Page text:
Rather than using the Mimi and Nikko sex tape as a teachable moment about privacy, permanence and the longevity of Internet decisions, Harvey can't resist transforming that moment into a diatribe about shame and God's plan for women's bodies.
The baiting and the assault on Obama will get even uglier. But it won't change one hard fact: that when it comes to race baiting, the GOP will always have the market cornered on that -- and millions know it.
We're coming up on one of my favorite times of the year: that time, just after spring breaks out but before summer begins, in which thousands of college graduates are released into the world. And as they go forth we give them lots of advice. The advice varies, sometimes conflicts, but the general idea is: Here is what you need to know in order to succeed in the world. This year my book tour is taking me to a lot of colleges, and my first piece of advice is to start by defining success for yourself -- by being clear about what you want, what you value and what you are about. But to do that, we need to abandon, or at least mitigate, some of the worst practices of the adult world that students are already mired in: burnout, sleep deprivation, stress and anxiety. This is all the more important because this generation is starting out their adult lives burdened with multiple deficits.
There's a tendency among my friends and others who see me in my element to refer to me as a "tranny," one of the words that have recently been banished from the gay lexicon. Personally, I've always regarded being called a "tranny" not as a slur but as a term of endearment.
Like many military members who survive a sexual assault, the process of reporting the rape and seeking some justice was a long, despairing and ultimately fruitless effort.
Last week, I could only watch on television news as soldiers herded scores of my countrymen on to trucks like livestock, to be driven to detention centers. Women carrying babies struggled to climb onto the cumbersome vehicles, built not for carrying humans but cargo and commodities.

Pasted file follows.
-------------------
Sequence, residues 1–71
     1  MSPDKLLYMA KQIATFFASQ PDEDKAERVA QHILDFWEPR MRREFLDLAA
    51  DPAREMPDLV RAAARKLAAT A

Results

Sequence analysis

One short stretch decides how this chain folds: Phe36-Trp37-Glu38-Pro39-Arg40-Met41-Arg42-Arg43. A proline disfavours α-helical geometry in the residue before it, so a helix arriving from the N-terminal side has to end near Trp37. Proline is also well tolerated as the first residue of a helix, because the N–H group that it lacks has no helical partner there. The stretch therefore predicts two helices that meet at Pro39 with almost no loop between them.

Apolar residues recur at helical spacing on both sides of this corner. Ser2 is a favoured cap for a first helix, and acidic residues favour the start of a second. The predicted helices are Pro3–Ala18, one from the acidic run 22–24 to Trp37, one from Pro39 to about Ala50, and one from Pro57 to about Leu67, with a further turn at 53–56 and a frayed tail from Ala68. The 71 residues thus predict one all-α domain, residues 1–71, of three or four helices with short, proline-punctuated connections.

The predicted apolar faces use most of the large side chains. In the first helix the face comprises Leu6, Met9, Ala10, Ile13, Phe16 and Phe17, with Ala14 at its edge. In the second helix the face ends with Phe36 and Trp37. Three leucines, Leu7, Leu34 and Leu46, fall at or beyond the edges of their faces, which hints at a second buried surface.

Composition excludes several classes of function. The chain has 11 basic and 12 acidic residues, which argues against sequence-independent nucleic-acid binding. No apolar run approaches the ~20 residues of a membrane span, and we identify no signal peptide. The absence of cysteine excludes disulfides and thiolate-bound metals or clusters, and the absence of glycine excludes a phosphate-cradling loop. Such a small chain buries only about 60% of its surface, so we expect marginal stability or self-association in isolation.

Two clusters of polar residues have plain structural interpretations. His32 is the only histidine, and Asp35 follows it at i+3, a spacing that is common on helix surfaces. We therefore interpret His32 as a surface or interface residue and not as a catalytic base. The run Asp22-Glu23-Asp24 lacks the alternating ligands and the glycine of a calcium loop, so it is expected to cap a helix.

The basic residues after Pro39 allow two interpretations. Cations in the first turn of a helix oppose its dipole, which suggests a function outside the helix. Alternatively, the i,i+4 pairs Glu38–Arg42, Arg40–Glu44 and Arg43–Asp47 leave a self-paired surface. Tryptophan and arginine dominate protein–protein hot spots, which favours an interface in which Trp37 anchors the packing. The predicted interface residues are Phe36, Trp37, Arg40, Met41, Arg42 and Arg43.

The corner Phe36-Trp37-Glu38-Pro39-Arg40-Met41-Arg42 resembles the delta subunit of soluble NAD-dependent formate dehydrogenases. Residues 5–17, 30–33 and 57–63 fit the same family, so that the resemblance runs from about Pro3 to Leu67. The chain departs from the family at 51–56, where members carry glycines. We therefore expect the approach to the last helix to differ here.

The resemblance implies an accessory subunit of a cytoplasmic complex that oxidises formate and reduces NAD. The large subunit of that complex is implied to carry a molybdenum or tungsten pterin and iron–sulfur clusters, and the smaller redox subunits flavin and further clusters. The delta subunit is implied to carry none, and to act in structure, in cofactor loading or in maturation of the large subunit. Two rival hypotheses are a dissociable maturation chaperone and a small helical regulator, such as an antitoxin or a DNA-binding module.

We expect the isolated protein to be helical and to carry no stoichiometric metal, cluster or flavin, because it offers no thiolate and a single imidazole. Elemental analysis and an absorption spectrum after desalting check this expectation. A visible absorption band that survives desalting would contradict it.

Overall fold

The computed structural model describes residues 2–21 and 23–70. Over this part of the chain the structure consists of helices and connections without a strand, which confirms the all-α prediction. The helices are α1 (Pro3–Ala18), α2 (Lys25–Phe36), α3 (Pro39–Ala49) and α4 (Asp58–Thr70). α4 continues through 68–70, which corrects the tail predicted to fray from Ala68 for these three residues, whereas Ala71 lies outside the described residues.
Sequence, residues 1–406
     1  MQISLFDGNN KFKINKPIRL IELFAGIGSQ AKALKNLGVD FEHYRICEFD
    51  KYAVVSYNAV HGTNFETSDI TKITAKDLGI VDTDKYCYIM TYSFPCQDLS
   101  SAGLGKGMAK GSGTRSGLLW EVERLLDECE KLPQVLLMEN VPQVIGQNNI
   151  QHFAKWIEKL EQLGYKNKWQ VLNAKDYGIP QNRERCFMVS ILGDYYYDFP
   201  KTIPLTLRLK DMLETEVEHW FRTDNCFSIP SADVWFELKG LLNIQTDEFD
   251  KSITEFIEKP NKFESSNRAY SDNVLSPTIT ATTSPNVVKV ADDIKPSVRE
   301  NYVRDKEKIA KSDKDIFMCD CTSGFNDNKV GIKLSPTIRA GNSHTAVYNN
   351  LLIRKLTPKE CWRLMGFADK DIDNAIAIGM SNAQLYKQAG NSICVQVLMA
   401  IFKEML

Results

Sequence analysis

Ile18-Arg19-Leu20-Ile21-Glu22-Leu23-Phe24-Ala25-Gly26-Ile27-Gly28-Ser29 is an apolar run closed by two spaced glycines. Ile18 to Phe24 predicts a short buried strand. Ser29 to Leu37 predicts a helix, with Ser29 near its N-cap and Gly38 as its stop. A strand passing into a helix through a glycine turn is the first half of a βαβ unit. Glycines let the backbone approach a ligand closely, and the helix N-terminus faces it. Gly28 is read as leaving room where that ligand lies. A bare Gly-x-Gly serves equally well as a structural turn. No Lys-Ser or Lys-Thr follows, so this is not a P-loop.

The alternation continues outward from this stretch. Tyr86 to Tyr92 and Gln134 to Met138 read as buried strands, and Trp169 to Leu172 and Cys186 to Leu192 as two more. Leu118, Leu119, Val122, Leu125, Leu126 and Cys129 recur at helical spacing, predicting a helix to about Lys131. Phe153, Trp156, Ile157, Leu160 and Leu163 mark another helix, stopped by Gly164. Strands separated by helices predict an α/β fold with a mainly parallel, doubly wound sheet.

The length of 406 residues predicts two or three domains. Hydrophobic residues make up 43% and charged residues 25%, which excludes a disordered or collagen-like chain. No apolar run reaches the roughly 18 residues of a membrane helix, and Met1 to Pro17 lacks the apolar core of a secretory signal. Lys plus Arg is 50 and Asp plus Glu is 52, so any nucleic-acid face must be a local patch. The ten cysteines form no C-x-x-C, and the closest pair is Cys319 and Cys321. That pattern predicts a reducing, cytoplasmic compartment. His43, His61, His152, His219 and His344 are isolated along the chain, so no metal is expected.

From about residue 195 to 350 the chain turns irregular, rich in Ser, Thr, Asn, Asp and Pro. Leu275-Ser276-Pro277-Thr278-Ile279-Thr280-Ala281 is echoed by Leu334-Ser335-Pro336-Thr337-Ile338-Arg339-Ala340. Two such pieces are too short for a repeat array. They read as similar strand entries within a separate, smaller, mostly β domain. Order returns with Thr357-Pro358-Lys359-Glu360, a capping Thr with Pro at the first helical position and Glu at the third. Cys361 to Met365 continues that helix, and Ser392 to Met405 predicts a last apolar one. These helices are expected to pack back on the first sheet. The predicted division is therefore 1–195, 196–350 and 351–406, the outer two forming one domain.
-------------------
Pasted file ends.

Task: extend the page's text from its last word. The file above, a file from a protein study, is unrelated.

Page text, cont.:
It's finally time that we have that long awaited talk about measuring black success. For far too long we have given many a pass when it comes to what they say and how they go about navigating what it means to achieve for the community.
This week I talked with Scott Campbell, Executive Director of the Elton John AIDS Foundation, which has been identified by Funders for LGBTQ Issues as the largest funder of programs for black LGBTQ individuals.
In the business of higher education, we must educate students for jobs that may not yet exist to solve problems not yet known.
Saving up your hard-earned cash to stash away an emergency fund? Well, it can be a hard sell. Spare cash can be hard to come by, and, after all, taking a vacation is a heck of a lot more fun. Or at least a lot of us seem to think so.
I love Easter! Spring has finally sprung, with sweet smells in the air, and sweet treats for us to savor. Here are my latest favorite things.
These days when Selena Blake thinks about her native land, Jamaica, there are no images of pristine beaches and sunny skies that come to mind. Instead, she sees the ugly face of homophobia and transphobia that continues to stain Jamaica's image.
With the costs of basic necessities rising and wages stagnating, minimizing unnecessary and wasteful spending is more important than ever.